The Response of Karachi Stock Exchange to Nuclear Detonation
Stock markets are highly reactive to internal and external developments. News of major events take no time to impact, the Stock Exchange that quite often serves as a barometer of the good and bad for the market. The importance of particular events and their effect on the stock market has been a subject of study in financial literature. Such studies attempt to assess the extent to which stock markets’ performance stray’s from the normal around the time of the occurrence of subject events. The stock market crash in the USA of October 1987 and related crash in the Far East later in January 1998 led to several studies of the event. On October 14, 1987, the US stock market began the steepest decline of its history, culminating in the crash of October 19, when the Dow Jones Industrial Average fell 508 points (22.6 percent). Certain aspects of the event of Black Monday as it is called emphasised the need for research to explore what fundamental economic factors triggered the large decline and the institutional and structural factors that were inherent in the trading strategies of investors. Michell and Netter (1989) have presented evidence that a tax bill containing anti takeover provision proposed by the U.S. House Ways and Means Committee of Oct. 13, 1987 was the economic event that triggered the October 19 crash. Other events and economic conditions during October 14–16 have been cited in the literature including higher than expected trade deficits, rising interest rate and increased worries about the government deficit and fear of inflation by many studies. Certain trading strategies such as index arbitrage and portfolio insurance has been cited by the Report of Presidential Task Force (1988). Roll (1988) has argued the crash did not begin in US since many other world markets experienced a severe decline on October 19 before US markets opened.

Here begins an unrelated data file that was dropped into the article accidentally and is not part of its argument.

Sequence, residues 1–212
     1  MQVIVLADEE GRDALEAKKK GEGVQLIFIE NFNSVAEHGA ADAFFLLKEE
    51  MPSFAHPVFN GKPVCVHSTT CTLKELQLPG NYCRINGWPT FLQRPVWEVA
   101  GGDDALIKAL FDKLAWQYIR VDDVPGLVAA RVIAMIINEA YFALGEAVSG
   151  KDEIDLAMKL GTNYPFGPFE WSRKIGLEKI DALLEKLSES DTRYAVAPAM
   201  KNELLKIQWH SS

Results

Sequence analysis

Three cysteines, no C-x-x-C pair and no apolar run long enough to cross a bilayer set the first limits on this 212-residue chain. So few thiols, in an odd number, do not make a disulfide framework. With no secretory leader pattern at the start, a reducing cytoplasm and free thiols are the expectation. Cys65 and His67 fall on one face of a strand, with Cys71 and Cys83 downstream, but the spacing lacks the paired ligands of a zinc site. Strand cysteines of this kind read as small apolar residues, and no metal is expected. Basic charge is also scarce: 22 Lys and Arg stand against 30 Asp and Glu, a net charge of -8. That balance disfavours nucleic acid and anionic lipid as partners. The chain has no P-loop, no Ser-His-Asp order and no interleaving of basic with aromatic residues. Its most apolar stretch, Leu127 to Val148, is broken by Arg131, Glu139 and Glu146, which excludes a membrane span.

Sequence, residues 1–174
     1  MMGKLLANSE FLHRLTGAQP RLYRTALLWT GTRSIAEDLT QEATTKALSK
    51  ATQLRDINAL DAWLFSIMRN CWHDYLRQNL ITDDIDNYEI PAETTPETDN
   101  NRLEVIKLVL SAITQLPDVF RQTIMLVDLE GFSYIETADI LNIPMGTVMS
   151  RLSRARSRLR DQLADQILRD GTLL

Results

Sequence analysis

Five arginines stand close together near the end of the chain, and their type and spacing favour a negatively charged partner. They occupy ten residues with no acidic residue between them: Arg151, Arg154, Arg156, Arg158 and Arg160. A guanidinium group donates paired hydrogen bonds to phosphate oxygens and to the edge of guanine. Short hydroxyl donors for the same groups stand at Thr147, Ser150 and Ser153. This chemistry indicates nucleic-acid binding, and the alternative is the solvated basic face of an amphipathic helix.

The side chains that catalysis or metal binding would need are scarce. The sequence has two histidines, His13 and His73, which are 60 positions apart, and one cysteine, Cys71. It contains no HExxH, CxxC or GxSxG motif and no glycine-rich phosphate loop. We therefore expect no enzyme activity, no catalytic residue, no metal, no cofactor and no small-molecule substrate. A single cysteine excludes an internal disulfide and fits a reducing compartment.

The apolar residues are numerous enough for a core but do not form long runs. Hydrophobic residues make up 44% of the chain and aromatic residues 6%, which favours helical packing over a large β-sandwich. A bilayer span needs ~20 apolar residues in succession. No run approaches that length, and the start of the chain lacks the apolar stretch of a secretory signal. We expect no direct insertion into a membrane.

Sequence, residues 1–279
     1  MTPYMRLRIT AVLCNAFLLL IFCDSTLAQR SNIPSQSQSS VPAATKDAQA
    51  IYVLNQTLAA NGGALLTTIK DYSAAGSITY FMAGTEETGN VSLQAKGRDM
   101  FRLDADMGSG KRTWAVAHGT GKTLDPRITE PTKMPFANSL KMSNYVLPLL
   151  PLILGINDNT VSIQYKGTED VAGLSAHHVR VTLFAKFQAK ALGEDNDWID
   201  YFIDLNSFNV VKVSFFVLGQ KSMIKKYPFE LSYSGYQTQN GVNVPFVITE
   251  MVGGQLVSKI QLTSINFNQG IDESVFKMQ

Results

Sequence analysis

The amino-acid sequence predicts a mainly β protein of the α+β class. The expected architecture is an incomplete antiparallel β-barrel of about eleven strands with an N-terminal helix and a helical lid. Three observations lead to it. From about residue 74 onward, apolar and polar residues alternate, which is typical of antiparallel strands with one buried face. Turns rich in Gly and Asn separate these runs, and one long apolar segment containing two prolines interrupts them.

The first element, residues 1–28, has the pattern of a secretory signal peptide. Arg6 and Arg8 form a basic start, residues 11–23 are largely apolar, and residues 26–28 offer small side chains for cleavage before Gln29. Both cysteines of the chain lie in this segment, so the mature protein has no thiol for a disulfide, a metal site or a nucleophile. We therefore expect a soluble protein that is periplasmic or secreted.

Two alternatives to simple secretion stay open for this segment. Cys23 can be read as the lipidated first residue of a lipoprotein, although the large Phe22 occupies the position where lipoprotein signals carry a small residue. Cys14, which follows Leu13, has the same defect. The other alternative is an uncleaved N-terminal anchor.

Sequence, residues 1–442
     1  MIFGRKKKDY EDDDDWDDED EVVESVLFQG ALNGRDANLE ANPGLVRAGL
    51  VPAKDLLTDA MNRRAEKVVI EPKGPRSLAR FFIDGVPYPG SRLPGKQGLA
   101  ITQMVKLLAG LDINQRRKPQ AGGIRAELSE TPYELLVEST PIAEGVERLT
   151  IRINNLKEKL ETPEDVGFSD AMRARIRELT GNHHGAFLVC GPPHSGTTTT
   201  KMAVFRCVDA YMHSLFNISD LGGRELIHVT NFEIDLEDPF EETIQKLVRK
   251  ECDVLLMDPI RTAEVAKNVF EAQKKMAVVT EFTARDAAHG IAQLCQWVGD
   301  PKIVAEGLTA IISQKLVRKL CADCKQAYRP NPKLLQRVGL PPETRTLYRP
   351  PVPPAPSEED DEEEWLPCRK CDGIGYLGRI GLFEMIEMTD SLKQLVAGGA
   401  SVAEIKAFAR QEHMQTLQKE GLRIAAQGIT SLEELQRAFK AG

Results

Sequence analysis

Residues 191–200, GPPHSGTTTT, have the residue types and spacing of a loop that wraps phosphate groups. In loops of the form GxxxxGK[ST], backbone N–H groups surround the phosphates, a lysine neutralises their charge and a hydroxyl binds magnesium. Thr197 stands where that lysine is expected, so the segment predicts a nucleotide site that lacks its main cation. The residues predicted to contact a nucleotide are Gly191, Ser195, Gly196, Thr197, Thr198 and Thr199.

Volume (Year): 38 (1999)
Issue (Month): 4 ()
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